40 Talks in 40 Days – Look for the Possibility of Bias Dallin H. Oaks

We’re going to take a break from the “All General Conference Talks” but hold to “All General Authority” talks that are significant for today.  Thanks to user latterdayskeptic at Reddit for capturing the audio and transcribing this portion of Dallin H. Oaks’ talk:

You see these men who have been called by the Lord and their lives are an open book. Their motives and their experiences are transparent to you. You know over a period of time, you sustain them in their callings, you know where they came from, what they’ve done in their life. Look at these men. She was motioning to her husband and others similarly situated. She said, now, will you choose to believe them or are you going to choose to believe somebody that went on television and made a comment or somebody that recorded something in the internet anonymously. You don’t even know. Who do you choose to believe? These that you know, whose credentials and motives and experiences are transparent or some anonymous figure on the internet or somebody whose motive you don’t understand.You don’t know the background. [Possibly incorrect transcription here: 13:30] Now she, her husband, and I have both been educated as lawyers. One thing a lawyer has to know is that if somebody tells you something you’ve got to examine the possibility of bias or intent that causes them to say something that is not true. We have had that kind of experience. And so I share with you, brothers and sisters, especially with my young brothers and sisters, look for the possibility of bias, look for the possibility of evil motive, look for the possibility of stupidity because some people preach and wax eloquent about things that they don’t know anything about, and that is another part of my experience [don’t understand, 14:18] with that talk. [audience laughs]

I’ve included some very relevant links for each of the things he said, I could have included more on the deceitful motives from links to the church buying up 2% of Florida, to bailing out businesses with tithing funds, or missing accounting for funds,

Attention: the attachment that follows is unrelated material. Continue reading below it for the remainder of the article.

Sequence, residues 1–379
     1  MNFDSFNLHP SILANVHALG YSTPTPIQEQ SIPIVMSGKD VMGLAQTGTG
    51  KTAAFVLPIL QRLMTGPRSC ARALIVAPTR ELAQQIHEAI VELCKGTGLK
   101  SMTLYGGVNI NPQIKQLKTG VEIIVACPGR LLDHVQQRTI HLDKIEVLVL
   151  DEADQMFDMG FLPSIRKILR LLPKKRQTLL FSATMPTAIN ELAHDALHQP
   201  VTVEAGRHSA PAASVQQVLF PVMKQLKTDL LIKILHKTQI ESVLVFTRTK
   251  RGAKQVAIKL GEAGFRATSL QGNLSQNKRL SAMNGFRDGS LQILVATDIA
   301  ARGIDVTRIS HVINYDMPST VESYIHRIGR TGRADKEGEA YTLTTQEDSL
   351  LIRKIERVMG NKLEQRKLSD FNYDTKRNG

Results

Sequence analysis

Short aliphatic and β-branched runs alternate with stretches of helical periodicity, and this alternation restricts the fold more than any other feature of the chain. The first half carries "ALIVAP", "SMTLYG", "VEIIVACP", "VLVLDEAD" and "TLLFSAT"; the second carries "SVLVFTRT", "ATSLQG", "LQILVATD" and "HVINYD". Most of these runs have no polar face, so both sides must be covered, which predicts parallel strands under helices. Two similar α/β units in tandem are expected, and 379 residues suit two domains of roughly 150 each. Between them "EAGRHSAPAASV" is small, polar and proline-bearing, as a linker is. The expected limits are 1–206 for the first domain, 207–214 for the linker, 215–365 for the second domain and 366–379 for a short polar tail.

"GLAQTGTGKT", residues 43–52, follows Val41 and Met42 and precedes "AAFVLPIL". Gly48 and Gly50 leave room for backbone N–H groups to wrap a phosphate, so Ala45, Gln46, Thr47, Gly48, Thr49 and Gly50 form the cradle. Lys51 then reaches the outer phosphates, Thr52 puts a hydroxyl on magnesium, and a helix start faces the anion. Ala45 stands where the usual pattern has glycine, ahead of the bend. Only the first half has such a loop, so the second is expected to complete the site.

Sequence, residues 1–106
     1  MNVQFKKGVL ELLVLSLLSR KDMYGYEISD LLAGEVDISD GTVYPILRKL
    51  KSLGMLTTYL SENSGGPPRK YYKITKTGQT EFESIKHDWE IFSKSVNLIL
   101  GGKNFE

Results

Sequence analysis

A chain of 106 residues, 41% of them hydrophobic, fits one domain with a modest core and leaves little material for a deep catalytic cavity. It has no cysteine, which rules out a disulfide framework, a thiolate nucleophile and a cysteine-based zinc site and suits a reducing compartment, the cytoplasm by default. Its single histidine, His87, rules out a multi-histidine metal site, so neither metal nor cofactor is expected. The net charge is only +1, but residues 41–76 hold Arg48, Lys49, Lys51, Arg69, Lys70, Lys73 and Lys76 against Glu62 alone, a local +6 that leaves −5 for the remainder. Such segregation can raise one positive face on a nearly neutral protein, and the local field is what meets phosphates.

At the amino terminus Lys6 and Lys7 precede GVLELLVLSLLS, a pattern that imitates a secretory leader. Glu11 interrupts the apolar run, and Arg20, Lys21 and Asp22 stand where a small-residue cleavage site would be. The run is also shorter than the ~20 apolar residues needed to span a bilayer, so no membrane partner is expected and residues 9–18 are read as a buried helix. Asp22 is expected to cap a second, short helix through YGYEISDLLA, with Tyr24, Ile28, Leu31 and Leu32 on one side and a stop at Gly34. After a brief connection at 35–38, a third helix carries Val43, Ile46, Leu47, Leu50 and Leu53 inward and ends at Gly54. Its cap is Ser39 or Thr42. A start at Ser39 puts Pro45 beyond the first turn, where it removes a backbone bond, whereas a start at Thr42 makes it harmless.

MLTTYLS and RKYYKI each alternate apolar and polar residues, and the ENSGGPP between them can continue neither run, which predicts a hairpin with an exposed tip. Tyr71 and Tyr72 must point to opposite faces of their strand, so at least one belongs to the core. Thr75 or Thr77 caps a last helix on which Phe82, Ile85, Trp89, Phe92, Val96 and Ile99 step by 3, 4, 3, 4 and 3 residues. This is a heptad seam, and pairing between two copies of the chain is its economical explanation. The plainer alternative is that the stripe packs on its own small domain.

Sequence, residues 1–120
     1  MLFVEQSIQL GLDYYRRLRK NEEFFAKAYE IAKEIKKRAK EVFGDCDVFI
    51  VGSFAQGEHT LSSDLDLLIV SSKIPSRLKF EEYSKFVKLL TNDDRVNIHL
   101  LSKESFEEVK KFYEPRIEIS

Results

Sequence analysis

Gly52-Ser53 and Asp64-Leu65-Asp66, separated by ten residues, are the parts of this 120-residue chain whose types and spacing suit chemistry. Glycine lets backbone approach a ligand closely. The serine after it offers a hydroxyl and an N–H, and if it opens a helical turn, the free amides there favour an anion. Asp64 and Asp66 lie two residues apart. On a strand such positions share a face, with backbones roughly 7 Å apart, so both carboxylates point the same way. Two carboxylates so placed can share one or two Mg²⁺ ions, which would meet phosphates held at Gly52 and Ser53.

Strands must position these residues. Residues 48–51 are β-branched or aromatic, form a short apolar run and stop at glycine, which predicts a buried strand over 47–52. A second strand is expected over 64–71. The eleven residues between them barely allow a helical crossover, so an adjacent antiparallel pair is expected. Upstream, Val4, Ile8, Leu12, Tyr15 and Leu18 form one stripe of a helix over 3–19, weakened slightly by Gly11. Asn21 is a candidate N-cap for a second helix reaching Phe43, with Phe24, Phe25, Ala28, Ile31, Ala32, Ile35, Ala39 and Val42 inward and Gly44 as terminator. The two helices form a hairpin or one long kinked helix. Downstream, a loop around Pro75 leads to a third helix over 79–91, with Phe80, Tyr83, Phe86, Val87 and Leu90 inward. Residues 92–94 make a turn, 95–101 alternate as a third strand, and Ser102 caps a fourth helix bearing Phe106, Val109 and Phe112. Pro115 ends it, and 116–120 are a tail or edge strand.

We could talk about their prior careers and how they could never have made as much money or have as much status there as they do in their current positions.  We could discuss the total lack of accountability for these men

This entire talk is an appeal to authority.  We know so very little about the apostles, but one feels like they know them from seeing them on TV.  How many children does Elder Ballard have?  What kind of Surgery did Gordon B. Hinkley’s Great Grand daughter have? What is the number one expenditure of Russel M. Nelson?  What is his favorite drink at a party?  Which is the one and only Seventy who does not fly first class?

We feel like we know them, but we do not.  This is con-artistry, pure and simple.  The art of making you Confident (hence the “Con” root in “con-artistry”)  in someone you should be questioning.

As soon as the church releases its financials since 1959 for public review, then maybe he might have a leg to stand on to say that we know their motives.  Until that day; all we know is that they take money and are secretive about it.

The link to the audio is here: https://www.reddit.com/r/exmormon/comments/3ltbht/oaks_look_for_the_possibility_of_bias_me_how_much/

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Last edited by Mithryn on September 21, 2015 at 4:35 pm

1 Response to 40 Talks in 40 Days – Look for the Possibility of Bias Dallin H. Oaks

  1. Pingback: 22 September 2015 | Mormonverse

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